This is it, y’all. The last chance we’ll get to talk before the election Nov. 6. Many newspapers shy away from endorsing political candidates outside of the president, but not this one.
It’s time I tell you who to vote for.
Whether you read this in Oak Grove, Hopkinsville, Pembroke, Fort Campbell or Saskatoon (we have a subscriber there, hey Jim!), you should be able to vote for this candidate, so here goes:
On Nov. 6, vote Nobody. I am confident Nobody will fulfill each campaign promise. Nobody cares about you and your family. Nobody ran a clean campaign and Nobody is the perfect candidate. I mean, ask yourself this question: Does Nobody deserve to be elected from this candidate pool? I can’t answer that for you. I just know, when it comes to endorsing a candidate, Nobody is getting the Small Victories seal of approval.
On a serious note, I can’t tell you who to vote for. It would be stating the obvious to say there are no perfect candidates. Being around many of these candidates and interacting with them leading up to this, I feel like I’ve gotten to know a few.
I guess that makes it all the more disheartening that this election, especially locally, has been so nasty. Not every race, not every candidate, but enough that I think we’re all ready for this to be over.
I want to be clear again that not every race is like this. Some of these races have remained positive and focused on the issues. For these, it’s hard to say any vote cast is the “wrong” one. In some, I want certain candidates to win just because I know they’re good people.
But it’s not just the candidates being jerks to each other. There’s something about an election that brings out the worst in people. Look, it’s absolutely your right to openly mock a sitting mayor during a debate within their earshot. That doesn’t mean you should.
Nor should you think it OK to infer certain candidates (or fellow candidates) are doing things illegally (especially when they aren’t), or trash people or businesses when they aren’t available or allowed to respond.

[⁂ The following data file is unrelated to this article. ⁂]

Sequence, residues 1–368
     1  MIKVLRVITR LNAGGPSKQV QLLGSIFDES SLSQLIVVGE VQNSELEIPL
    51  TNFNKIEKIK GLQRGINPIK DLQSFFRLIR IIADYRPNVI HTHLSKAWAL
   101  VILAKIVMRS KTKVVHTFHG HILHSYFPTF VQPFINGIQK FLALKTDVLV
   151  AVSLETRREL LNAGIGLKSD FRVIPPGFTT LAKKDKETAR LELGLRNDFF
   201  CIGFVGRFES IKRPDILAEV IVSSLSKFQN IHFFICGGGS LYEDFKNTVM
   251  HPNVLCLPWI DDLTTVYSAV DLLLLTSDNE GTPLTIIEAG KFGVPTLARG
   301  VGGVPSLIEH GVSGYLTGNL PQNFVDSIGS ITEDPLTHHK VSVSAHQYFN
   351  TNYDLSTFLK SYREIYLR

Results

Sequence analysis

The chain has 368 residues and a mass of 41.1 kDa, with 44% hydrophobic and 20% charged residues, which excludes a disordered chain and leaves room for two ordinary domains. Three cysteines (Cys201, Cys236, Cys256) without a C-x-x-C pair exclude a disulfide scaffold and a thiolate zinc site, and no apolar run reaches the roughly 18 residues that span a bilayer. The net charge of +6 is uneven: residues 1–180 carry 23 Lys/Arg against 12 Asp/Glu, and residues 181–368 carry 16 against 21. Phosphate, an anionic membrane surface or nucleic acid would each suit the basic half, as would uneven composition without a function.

Some of these candidates used to be friends, some coworkers, some just reasonable people. In some races, with some candidates, it’s hard to see the election as anything other than trying to figure out which toddler gets to sit in the high chair.
Is it any wonder turnout is so low when few candidates seem to be able to inspire confidence — not just in their competence for the office in which they aspire to, but in their ability to be adults? To be clear, yet again, I’m not saying all.
Since we have to look past all that, though, I’ve come up with a solution as to how I’m going to vote, and how I hope you will, too. I think it’s a pretty stellar one:
Vote for someone who gives a damn.
I know, “but they’re running for office, they all care!”
But how much? How many of them are in the community every day doing their best to help others instead of just campaigning? How many of them are volunteering their time and money to projects and organizations that have nothing to do with their run for office?
How many of them are making a difference outside of an elected official’s duty?
You can’t vote for the perfect candidate on Nov. 6. In some races, it’s possible you believe you can’t even vote for a good one.
However, in local politics, just as important as stances on issues and far more important than the color of the party badge is how much the person you’re voting for is invested in the community they want to represent.
The ones that are deserve to represent you at the level that matters most to you because you know they’re putting in the work. You know they’re out making a difference without pandering for votes. You know, ultimately, that they care about the community beyond their ego and what’s in it for them.
Those people deserve your vote, and that’s this week’s small victory.
(JESSE JONES is the editor of The Eagle Post, a member of the Kentucky New Era Media Group. For more Small Victories, find us on Facebook.)